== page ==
Lament (Graham Buxton)

Graham Buxton, whose book Dancing in the Dark, I recently blogged about on this blog, is a professor at Tabor Adelaide (and you can find him at Fuller Theological Seminary, too).

Lament by Graham Buxton: Lament and Remembrance in Ministry

Behind the deep cries of lament that afflict us all at times lie the pain and grief of feeling abandoned. But in the face of such lament we do well to recall that there is a God who has not forgotten us: ‘Can a mother forget the baby at her breast and have no compassion on the child she has borne? Though she may forget, I will not forget you!’ (Isaiah 49:15).

We are a remembered people…all of us.

Do you know you are a “remembered person” as part of God’s “remembered people”? Where do we need to see some “re-membering”?

Remembrance and compassion are in fact two sides of a single coin.

Walter Brueggemann points to the Israelites of old who cried out to God in lamentation and complaint, reminding him of their sense of forsakenness. In his faithfulness and unchangeableness, God offered both assurance and promise to his people. His loving-kindness, goodness and promise of peace are ‘more than enough to override the flood, to overcome the absence and shame, and to overmatch the terror of exile.’ Implicit in Brueggemann’s understanding of the relationship between disconsolate human beings and their God is the notion of remembrance: the people dare to recall their God as one who will still act for them, and the God to whom they cry still remembers his people.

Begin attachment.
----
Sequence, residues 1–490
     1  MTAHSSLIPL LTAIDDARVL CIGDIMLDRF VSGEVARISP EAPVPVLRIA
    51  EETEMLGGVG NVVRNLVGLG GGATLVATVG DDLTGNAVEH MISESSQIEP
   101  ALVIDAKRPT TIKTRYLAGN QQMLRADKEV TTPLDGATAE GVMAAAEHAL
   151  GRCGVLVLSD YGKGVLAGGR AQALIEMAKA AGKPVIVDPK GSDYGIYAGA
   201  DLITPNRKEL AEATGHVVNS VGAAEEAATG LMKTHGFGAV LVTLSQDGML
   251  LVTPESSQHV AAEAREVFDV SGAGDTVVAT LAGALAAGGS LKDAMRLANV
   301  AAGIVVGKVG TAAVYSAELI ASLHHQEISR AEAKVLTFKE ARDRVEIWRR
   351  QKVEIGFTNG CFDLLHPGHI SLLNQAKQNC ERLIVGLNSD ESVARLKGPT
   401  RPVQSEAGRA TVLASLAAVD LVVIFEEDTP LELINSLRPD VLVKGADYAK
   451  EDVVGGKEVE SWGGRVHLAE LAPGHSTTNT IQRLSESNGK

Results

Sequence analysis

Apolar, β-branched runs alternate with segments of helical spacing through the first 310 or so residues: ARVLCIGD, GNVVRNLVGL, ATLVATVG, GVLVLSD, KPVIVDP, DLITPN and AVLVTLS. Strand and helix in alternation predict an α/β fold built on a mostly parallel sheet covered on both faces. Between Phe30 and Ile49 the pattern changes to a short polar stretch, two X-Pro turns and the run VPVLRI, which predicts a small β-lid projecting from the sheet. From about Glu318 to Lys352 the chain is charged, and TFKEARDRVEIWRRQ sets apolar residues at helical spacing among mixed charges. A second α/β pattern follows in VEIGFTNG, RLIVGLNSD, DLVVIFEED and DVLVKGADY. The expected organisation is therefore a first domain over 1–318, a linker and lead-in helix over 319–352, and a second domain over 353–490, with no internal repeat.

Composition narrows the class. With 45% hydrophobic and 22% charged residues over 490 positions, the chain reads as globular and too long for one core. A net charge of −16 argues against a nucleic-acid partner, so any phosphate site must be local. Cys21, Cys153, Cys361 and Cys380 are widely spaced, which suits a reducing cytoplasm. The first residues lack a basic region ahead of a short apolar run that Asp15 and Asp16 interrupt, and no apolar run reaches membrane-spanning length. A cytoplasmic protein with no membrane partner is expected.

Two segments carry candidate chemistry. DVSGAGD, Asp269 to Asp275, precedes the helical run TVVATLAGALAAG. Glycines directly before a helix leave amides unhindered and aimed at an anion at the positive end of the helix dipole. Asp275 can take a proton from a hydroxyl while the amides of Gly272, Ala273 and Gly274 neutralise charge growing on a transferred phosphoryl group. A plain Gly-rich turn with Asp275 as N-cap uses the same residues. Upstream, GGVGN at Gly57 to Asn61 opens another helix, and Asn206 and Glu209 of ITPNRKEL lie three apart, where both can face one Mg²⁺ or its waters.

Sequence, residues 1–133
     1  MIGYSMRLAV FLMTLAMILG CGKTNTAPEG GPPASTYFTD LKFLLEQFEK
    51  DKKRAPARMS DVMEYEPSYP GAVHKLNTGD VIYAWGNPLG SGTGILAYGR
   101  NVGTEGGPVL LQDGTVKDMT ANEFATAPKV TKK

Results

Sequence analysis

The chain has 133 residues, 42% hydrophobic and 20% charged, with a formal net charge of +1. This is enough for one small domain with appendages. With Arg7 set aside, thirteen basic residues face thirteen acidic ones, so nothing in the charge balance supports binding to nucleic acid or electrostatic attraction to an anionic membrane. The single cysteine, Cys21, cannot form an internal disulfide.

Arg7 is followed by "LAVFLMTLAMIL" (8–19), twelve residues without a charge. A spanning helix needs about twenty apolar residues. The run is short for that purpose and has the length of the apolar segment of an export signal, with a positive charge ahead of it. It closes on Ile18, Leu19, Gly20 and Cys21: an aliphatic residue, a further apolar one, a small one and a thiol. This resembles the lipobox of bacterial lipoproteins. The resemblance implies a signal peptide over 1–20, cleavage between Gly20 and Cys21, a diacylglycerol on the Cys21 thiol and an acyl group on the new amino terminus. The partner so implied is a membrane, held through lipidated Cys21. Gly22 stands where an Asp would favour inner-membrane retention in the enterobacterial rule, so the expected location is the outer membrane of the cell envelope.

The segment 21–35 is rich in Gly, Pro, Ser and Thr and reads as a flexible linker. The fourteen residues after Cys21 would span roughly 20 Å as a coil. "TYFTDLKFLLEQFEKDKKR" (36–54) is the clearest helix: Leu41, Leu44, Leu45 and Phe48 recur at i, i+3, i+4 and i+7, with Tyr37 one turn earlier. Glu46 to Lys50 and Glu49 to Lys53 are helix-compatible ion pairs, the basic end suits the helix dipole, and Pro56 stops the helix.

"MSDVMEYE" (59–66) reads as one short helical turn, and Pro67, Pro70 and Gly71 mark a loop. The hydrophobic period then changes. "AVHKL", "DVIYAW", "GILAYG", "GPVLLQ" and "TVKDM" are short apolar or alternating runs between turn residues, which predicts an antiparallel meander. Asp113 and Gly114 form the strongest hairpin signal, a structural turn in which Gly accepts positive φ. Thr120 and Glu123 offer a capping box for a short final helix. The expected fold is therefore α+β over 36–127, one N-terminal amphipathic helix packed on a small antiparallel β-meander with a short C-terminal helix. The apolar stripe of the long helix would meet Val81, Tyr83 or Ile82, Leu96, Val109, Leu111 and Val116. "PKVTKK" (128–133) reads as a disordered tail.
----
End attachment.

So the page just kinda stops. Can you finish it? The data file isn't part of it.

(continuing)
Parker Palmer once said that ‘remembered means to re-member. It means to put the body back together. The opposite of remember is not to forget, but to dis-member. And when we forget where we came from…we have in fact dis-membered something.’

To remember someone in this way is to be a part of their healing. To respond to a person’s cry of lament, ‘Remember me!’, is to live in solidarity with that person in their struggle and pain; to tell someone that we will not forget them offers hope and reassurance in the midst of loneliness and despair. In pastoral ministry, not only do we remember who we are as God’s people, we also ‘re-member’ one another.

About Scot McKnight

Scot McKnight is a recognized authority on the New Testament, early Christianity, and the historical Jesus. McKnight, author of more than forty books, is the Professor of New Testament at Northern Seminary in Lombard, IL.

  • http://restoringsoul.blogspot.com Ann F-R

    When I was first reading the psalms, as I have done almost daily for years, I’d avoid the laments, because they were too painfully resonant. Over time, though, I began to appreciate the fellowship in suffering with the people who spoke and sang these psalms. Bruggemann is helpful, even though I’m not completely in agreement w/ his take on God (needing to repent, as I saw him comment in a recent video clip). I greatly appreciate Parker Palmer’s thoughts about re-membering as the antithesis of dis-membering. The dis-membering fits well w/ what I’ve observed in alienation, sadly, because alienation, sinfulness, distance and antagonism disconnect one from another. Re-membering, OTOH, welcomes the other, the broken and the penitent back, reconciling in the loving acts of welcome and restoration. Would you have the citation of Palmer’s quote handy, Dr. Buxton?

  • Graham Buxton

    Hi Ann – John Patton quoted these insights from Parker Palmer which he offered in an address to the Association for Clinical Pastoral Education in 1987 (see John Patton, Pastoral Care in Context: An Introduction to Pastoral Care (Louisville, WJKP, 1993, page 28)

  • http://restoringsoul.blogspot.com Ann F-R

    Thank you! I should have spotted the CPE flavored take on reality… :)


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